Michael Egan has withdrawn his sexual abuse lawsuit against former Walt Disney Television President David Neuman, according to court documents.
Egan's suit, filed in Hawaii in April, accused Neuman of sexually abusing him in Hawaii and Encino, a Los Angeles suburb, in the late 1990s when Egan was a teenager.
Egan's attorney, Jeff Herman, did not immediately respond to a request for further comment on the document filed Wednesday night, which contained few details.
Herman on Thursday issued a brief statement on the developments: "We have voluntarily dismissed the Hawaii complaints. Mr. Egan maintains the allegations and has even passed a polygraph test based on those specific allegations. We are evaluating our next step in seeking justice for Mr. Egan."
Neuman's attorney, Patricia Glaser, said the move "affirms to everyone that David Neuman's fine reputation deserves to stand strong and was attacked with no merit."
Neuman is one of four men Egan, now 31, has recently accused of abusing him when he was a teenager. In separate complaints, Egan also alleged he was abused by "X-Men" director Bryan Singer, former NBC and WB television executive Garth Ancier and producer Gary Goddard.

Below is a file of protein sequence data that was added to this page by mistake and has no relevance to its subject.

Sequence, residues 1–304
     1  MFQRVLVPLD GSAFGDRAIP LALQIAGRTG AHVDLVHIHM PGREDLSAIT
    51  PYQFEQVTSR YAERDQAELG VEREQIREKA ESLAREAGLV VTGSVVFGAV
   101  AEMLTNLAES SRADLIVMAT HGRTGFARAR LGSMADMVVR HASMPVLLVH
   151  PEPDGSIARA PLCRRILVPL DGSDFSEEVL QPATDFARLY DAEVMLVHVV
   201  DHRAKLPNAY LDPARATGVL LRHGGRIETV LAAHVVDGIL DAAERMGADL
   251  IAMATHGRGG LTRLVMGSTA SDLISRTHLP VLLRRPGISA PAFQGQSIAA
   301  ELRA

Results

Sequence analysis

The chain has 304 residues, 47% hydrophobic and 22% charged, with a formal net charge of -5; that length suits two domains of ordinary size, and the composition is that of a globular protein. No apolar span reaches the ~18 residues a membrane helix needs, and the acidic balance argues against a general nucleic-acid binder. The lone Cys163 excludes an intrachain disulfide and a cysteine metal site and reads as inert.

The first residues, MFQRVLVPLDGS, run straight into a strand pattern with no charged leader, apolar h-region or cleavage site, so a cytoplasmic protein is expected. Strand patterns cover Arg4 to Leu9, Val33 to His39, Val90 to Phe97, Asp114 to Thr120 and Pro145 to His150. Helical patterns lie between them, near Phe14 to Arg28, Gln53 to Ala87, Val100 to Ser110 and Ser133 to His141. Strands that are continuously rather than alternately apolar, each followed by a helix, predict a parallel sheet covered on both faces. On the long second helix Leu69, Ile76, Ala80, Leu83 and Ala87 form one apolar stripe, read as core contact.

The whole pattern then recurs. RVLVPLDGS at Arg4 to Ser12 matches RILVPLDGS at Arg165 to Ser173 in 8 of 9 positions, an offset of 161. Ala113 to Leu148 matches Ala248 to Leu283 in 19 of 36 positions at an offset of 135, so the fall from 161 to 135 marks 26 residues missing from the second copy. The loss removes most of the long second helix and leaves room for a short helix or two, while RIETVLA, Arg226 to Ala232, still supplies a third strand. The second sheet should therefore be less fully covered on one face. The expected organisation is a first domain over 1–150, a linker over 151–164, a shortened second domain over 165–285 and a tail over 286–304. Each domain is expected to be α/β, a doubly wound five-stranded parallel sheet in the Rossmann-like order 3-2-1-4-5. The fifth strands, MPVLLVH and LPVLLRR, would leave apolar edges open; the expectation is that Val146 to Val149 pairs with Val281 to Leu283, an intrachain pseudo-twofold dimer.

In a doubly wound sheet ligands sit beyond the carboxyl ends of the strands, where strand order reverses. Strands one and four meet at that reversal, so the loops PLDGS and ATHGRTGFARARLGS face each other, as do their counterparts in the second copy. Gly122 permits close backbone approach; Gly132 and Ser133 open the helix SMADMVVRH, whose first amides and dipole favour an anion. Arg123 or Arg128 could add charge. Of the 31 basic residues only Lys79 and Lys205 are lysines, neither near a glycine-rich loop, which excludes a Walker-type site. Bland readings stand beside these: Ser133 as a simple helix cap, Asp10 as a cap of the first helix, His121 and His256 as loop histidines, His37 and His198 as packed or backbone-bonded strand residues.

The case against Neuman appeared to run into trouble last month when Neuman filed a motion to dismiss the suit, using Egan's own sworn testimony in an earlier case that appeared to contradict his latest allegations.
According to the motion filed by Neuman's attorneys, Egan testified in 2003 that Neuman did not sexually abuse him.
"David Neuman has never been present when I was involved in any type of sexual conduct, never harassed me, never made sexually suggestive remarks to me, and never acted improperly around me or toward me," Egan said in a 2003 declaration included with the motion.
Neuman's motion also included six sworn declarations from individuals who said that Neuman was never in Hawaii with Egan.
Singer, Goddard and Ancier have all filed motions to dismiss the cases brought against them by Egan, who was able to file suits in Hawaii because of a 2012 law that extended the statute of limitations for bringing forward allegations of child sex abuse.
Among other things, all the motions to dismiss claim that the defendants were never in Hawaii with Egan when the alleged abuse is said to have taken place.
In reaction to the motion to dismiss filed by Singer, Egan's attorney Herman said, "I do have a response, but I am restricted in that I can only talk about what is in the court record. Many of the things being reported are being taken out of context or you're only hearing one side of the story. At the appropriate time and in the appropriate venue, we will respond."